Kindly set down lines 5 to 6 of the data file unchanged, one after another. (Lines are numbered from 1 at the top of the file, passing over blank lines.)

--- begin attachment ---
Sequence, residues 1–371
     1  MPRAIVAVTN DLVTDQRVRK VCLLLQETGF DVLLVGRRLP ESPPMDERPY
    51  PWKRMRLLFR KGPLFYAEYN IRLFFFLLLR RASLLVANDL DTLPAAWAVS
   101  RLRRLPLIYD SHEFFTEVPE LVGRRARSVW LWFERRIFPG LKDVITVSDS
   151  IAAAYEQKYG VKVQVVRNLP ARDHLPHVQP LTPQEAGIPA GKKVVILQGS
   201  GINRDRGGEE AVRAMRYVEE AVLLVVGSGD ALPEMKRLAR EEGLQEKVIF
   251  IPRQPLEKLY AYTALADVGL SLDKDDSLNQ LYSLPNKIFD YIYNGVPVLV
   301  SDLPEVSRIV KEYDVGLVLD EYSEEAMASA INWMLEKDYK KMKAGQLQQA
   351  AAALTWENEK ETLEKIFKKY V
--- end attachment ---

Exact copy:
   151  IAAAYEQKYG VKVQVVRNLP ARDHLPHVQP LTPQEAGIPA GKKVVILQGS
   201  GINRDRGGEE AVRAMRYVEE AVLLVVGSGD ALPEMKRLAR EEGLQEKVIF